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    ABSTRACT: Evaluation of inertial cavitation is a significant problem where this mechanism of action is responsible for therapeutic applications such as drug delivery. It has shown that using multiple frequencies one is able to enhance and control induced cavitation. In this study, we used different sonication frequencies as 28 kHz, 130 kHz, 1 MHz, 3 MHz and their dual combinations to enhance acoustic cavitation. At each frequency, two different intensities were used and the subharmonic amplitude of each frequency in combinations was measured. It was observed that in combinations which include 28 kHz, the cavitation activity is enhanced. The 28 kHz subharmonic amplitude was used to compare these protocols in their ability to enhance cavitation. Besides, the area of cavitation damage was determined using an aluminum foil. Our results showed that the inertial cavitation activity increased at higher intensities and there is a significant correlation between the subharmonic amplitude and sonication intensity at each frequency (R>0.90). In addition, simultaneous combined dual-frequency orthogonal sonication at 28 kHz with other frequencies used can significantly increase the inertial cavitation activity as compared to the algebraic sum of the individual ultrasound irradiations in 28 kHz subharmonic frequency. The 28 kHz subharmonic amplitude for 28 kHz (0.04 W/cm(2)) and 3 MHz (2 and 1 W/cm(2)) combined dual frequency were about 4.6 and 1.5 times higher than that obtained from the algebraic sum of 28 kHz and 3 MHz irradiation, respectively. Also the 28 kHz subharmonic amplitude for combination of 28 kHz (0.04 W/cm(2)) and 1 MHz (2 and 1 W/cm(2)) were about 2.4 and 1.6 times higher than that obtained with their algebraic sum. Among different combinations, the continuous mode for two ultrasound sources of 28 kHz (0.04 W/cm(2)) and 3 MHz (2 W/cm(2)) is more effective than other combinations (p-value<0.05). The results of effective irradiation area showed no damaged aluminum foil in MHz sonication alone. However, there is significant difference between the effective irradiation area of combined dual frequency 28 kHz and 3 MHz with other irradiation modes (p-value<0.05) and it is limited locally.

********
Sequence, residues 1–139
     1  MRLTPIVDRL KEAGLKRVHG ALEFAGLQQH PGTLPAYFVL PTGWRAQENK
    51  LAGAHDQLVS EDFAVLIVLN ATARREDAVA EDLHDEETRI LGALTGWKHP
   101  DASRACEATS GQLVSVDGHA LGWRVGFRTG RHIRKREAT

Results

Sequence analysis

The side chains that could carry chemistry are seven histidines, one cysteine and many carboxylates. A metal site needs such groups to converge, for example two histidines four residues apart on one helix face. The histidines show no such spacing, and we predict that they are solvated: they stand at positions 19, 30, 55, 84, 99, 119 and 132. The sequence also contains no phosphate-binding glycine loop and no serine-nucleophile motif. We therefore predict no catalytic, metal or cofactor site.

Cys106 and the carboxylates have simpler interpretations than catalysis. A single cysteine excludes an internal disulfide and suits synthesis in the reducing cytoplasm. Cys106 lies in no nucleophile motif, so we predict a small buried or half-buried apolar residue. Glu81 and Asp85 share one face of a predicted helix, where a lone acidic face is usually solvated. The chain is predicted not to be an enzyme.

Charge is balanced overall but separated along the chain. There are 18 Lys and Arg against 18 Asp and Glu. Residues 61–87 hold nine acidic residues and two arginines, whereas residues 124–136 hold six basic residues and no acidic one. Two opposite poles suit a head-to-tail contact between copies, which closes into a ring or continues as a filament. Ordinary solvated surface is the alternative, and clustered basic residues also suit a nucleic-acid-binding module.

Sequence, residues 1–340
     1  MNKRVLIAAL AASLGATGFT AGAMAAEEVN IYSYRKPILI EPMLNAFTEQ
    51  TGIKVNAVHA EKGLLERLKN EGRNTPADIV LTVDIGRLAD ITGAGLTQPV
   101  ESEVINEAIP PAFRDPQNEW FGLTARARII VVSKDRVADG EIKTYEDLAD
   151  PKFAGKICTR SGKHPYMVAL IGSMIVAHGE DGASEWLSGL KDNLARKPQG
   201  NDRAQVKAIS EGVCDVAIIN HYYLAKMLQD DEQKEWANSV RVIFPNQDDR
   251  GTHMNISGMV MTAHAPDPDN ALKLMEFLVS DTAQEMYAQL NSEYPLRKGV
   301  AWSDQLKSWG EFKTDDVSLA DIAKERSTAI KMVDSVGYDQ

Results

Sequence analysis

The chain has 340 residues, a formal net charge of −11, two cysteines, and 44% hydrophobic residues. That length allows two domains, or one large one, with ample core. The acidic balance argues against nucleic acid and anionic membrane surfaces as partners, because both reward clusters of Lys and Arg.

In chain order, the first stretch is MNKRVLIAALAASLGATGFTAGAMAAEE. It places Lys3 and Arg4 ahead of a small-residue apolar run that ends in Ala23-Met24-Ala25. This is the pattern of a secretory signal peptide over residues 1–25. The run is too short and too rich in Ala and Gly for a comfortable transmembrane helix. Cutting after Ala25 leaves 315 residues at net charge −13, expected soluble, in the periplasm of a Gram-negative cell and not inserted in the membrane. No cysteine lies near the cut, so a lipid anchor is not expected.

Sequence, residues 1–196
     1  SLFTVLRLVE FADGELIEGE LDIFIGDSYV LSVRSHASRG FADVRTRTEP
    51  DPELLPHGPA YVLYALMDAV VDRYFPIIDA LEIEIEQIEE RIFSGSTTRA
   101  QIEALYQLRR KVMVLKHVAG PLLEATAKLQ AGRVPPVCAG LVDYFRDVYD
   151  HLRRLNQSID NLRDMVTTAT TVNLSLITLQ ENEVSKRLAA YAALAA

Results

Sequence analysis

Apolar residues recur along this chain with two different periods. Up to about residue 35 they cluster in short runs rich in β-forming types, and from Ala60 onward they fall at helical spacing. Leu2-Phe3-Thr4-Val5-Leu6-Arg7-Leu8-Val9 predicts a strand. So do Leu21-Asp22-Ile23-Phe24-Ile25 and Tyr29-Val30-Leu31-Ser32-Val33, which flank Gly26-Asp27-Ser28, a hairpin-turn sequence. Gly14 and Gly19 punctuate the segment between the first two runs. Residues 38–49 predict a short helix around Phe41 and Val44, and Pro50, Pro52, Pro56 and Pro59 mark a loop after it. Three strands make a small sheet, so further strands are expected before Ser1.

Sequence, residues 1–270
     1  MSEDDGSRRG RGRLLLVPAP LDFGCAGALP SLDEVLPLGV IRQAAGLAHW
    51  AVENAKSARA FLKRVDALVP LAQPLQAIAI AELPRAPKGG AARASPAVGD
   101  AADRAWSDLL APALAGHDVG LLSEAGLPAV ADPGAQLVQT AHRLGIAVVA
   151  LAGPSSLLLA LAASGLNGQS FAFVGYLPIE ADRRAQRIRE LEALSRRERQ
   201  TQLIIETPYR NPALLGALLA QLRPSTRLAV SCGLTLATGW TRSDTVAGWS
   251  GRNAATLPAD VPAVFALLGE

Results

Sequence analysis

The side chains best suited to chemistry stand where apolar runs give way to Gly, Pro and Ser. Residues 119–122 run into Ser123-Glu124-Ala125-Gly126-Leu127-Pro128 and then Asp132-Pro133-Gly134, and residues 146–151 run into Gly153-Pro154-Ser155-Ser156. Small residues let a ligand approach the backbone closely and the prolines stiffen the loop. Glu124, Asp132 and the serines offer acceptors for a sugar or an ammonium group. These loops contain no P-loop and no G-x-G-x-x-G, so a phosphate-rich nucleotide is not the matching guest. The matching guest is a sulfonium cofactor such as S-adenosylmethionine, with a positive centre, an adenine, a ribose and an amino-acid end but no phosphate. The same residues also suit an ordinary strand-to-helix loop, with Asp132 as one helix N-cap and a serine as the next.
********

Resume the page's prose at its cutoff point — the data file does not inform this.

Full-text · Article · Jan 2011 · Ultrasonics Sonochemistry
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    • "Forces created during acoustic cavitation (Apfel 1982, Lauterborn et al. 2007) can transiently disrupt the plasma membrane, to allow intracellular uptake (Brayman et al. 1999, Miller et al. 2002, Schlicher et al. 2006). Ultrasound exposure can also result in cellular and tissue damage (Alter et al. 1998, Bailey et al. 1983) and cell death via routes including both necrosis and apoptosis (Cochran and Prausnitz 2001, Feril and Kondo 2004, Miller and Dou 2009, Miller and Quddus 2002). "
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    ABSTRACT: Acoustic cavitation-mediated wounding (i.e., sonoporation) has great potential to improve medical and laboratory applications requiring intracellular uptake of exogenous molecules; however, the field lacks detailed understanding of cavitation-induced morphologic changes in cells and their relative importance. Here, we present an in-depth study of the effects of acoustic cavitation on cells using electron and confocal microscopy coupled with quantitative flow cytometry. High resolution images of treated cells show that morphologically different types of blebs can occur after wounding conditions caused by ultrasound exposure as well as by mechanical shear and strong laser ablation. In addition, these treatments caused wound-induced nonlytic necrotic death resulting in cell bodies we call wound-derived perikarya (WD-P). However, only cells exposed to acoustic cavitation experienced ejection of intact nuclei and nearly instant lytic necrosis. Quantitative analysis by flow cytometry indicates that wound-derived perikarya are the dominant morphology of nonviable cells, except at the strongest wounding conditions, where nuclear ejection accounts for a significant portion of cell death after ultrasound exposure.
    Full-text · Article · Apr 2010 · Ultrasound in medicine & biology